This is a pattern that appears to be severe, repeated misbehavior and gross clinical negligence. He lost his surgical privileges, and then lost his medical license. So, not only is Dr. Lundell’s authority not particularly relevant to the case at hand, but his peers and regulatory body have found that he is not professionally adequate in those areas in which he is supposedly an expert—i.e., cardiac surgery.
Now, why do you suppose we weren’t told this when he trotted out his 25 years’ experience? Probably because “I’m a cardiac surgeon who got repeatedly reprimanded, placed on probation, and lost my license and operating privileges” doesn’t sound quite as convincing.
Tactic #2: The conspiracy
Dr. Lundell tells us that he’s finally going to come clean; doctors “often acquire a rather large ego that tends to make it difficult to admit we are wrong.” Fair enough. Most people have that problem, it seems to me.
But, he’s going to tell you what everyone else is supposedly hiding from you.
The problem with conspiracy thinking is that it is impossible to disprove. If I disagree with him, then I’m either part of the conspiracy (and should be ignored) or I’ve been misled by it (and so should not be trusted to get it right). Note how to disagree with him has been subtly made to mean that it’s because of my ego. This distracts us from the evidence.
And besides, if he’s been wrong and misleading people for 25 years, and has only now decided to come out with the truth, why should we believe him now?
How do I know if his ego won’t let him admit that he’s wrong now? Or, if he was deceived and misled before, why should we trust him now?
Or, was he ignoring the truth because it made him money before? If so, how do I know he isn’t doing the same thing now?
You see, he was doing heart surgery in what appears to have been a dangerous and inadequate way. He can’t do that any more.
Now that he can’t make money doing that, he’s making money doing something else in the medical realm—he sells and book and flogs other products talking about cholesterol.
Tactic #3: Ignore your own economic biases; blame everyone else for theirs
Dr. Luddell also does not tell us that he has been found guilty of breaking tax laws by refusing to file income taxes—so, he has been found to be dishonest with the government. He’s also declared bankruptcy a few times—which ought to at least raise the issue of whether he’s speaking to us simply out of disinterested scientific honesty, or whether he stands to gain from selling books and supplements about cholesterol:
- In 1990 Lundell filed for bankruptcy. At that time, there were several lawsuits pending in state court on the theory that he was a partner in a construction business called West Coast Construction in which he had invested. [We] don’t know the outcome of these suits, but he ultimately wound up owing at least $20 million dollars.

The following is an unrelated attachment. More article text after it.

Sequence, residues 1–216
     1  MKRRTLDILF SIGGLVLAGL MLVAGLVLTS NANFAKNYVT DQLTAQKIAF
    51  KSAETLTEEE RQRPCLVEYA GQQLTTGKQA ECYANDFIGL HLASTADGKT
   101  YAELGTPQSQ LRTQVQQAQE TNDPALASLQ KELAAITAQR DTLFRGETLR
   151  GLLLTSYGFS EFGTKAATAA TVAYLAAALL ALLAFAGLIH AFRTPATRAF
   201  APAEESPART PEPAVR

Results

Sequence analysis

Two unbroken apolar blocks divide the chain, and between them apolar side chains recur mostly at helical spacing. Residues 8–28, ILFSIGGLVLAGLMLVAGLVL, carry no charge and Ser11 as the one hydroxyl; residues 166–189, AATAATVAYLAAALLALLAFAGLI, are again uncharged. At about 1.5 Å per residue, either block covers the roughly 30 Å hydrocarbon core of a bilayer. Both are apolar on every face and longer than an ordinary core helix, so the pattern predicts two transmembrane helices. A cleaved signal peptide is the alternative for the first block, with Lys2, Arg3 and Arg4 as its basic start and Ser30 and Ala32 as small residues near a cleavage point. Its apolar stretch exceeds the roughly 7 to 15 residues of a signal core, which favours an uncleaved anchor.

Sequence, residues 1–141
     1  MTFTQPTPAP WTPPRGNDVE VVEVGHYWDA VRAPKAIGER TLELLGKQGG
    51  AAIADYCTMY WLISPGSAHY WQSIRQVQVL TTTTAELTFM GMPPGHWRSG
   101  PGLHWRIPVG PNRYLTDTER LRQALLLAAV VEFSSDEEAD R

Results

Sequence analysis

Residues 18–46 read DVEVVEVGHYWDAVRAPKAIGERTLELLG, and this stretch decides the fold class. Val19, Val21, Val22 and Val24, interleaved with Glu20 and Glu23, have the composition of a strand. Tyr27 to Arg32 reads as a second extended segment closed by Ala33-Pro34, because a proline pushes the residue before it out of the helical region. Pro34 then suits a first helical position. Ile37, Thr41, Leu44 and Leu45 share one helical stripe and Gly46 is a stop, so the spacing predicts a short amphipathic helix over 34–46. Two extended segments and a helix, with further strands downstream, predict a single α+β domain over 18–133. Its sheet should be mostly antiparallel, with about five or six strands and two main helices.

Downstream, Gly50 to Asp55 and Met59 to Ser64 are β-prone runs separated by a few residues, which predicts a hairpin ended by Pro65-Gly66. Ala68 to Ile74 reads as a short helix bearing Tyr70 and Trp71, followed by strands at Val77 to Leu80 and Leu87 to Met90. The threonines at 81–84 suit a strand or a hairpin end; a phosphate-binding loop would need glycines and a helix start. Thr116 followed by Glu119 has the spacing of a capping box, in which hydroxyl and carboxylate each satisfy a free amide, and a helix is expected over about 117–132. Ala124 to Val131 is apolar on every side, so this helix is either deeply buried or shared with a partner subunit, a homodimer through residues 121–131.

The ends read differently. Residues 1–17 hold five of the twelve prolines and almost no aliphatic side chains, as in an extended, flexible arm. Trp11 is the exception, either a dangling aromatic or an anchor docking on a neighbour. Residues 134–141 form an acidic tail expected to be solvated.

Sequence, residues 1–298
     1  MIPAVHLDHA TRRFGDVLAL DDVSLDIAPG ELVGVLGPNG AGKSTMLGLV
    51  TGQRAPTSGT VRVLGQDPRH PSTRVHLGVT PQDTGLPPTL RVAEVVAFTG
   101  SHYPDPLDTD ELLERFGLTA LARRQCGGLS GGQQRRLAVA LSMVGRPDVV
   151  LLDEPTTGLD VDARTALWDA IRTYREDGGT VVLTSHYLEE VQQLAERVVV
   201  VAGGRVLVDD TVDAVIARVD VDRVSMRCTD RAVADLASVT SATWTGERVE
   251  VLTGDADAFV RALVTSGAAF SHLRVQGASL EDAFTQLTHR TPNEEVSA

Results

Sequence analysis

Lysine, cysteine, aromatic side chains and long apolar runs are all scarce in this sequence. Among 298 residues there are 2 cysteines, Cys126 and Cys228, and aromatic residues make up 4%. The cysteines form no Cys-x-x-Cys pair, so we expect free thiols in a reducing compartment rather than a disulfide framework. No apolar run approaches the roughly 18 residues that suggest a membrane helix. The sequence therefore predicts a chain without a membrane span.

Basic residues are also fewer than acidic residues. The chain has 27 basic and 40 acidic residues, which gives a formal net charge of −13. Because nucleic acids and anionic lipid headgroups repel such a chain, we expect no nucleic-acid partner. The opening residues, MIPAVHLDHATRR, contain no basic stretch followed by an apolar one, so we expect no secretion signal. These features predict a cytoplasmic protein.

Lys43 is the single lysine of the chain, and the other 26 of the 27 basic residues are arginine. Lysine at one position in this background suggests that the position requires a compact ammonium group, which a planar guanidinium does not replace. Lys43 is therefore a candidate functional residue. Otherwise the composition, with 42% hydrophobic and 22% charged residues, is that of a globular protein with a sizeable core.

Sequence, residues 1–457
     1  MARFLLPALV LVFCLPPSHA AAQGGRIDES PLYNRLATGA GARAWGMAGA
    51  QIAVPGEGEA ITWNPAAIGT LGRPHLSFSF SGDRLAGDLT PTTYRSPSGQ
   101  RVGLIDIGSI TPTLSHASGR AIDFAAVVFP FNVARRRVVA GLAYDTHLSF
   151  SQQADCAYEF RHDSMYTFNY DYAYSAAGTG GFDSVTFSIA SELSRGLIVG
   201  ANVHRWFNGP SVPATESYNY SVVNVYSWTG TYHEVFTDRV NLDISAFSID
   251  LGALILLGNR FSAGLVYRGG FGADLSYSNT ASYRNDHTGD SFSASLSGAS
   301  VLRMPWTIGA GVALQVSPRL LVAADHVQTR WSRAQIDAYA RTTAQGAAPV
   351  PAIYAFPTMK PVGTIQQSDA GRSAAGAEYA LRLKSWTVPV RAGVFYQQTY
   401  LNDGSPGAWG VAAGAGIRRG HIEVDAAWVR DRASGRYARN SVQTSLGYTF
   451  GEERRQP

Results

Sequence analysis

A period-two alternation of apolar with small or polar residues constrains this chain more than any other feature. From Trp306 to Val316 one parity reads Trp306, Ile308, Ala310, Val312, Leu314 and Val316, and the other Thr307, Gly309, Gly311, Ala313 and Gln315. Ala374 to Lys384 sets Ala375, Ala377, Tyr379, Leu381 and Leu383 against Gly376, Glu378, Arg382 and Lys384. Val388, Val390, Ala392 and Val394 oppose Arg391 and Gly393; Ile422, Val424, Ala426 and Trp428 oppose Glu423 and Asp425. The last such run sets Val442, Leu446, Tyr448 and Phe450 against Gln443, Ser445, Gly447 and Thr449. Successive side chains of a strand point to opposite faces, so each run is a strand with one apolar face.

- In 2005, he again filed for bankruptcy, claiming to have assets of $12,990 and liabilities of $20,185,769.60. The liabilities included $74,264.77 in credit card debts, $78,932.48 for accounting services, the $20 million debt related to the previous bankruptcy, and “unknown amounts” of state and federal taxes owed. The financial statement also listed his earnings as $0 for 2005, $0 for $2004, and $288,436 for 2003.
- In 2004, Lundell pleaded guilty in federal court to three counts of willful failure to file income tax returns. A newspaper report indicates that he had become a client of “tax protester” Wayne C. Bentson after a long-running dispute with the IRS and that rather than filing tax returns from 1992 to 1996, Lundell had filed affidavits contesting the government’s right to levy taxes . In 2005, Lundell was sentenced to three years’ probation, but the probation was terminated after 16 months. Bentson was ordered to pay $1,129,937 to the Internal Revenue Service and was sentenced to four years in prison, to be followed by three years of supervised release.
Tactic #4: Appeals to “evidence” that never gets cited
So, Dr. Lundell’s status as a competent, reliable, and disinterested witness about these matters is subject, in my opinion, to question.
Let’s turn now to the evidence he offers. After all, if he offers us reliable evidence, it doesn’t matter if he’s been unreliable before. Good evidence is good evidence.
Unfortunately, while he promises us reliable evidence, he never actually provides any. He makes statements like this:
- The long-established dietary recommendations have created epidemics of obesity and diabetes, the consequences of which dwarf any historical plague in terms of mortality, human suffering and dire economic consequences.
But, he never cites any evidence. No references, nothing. We’re supposed to believe on his authority alone. And, I think we’ve seen that that authority is questionable.
Tactic #5: Half-truths and straw men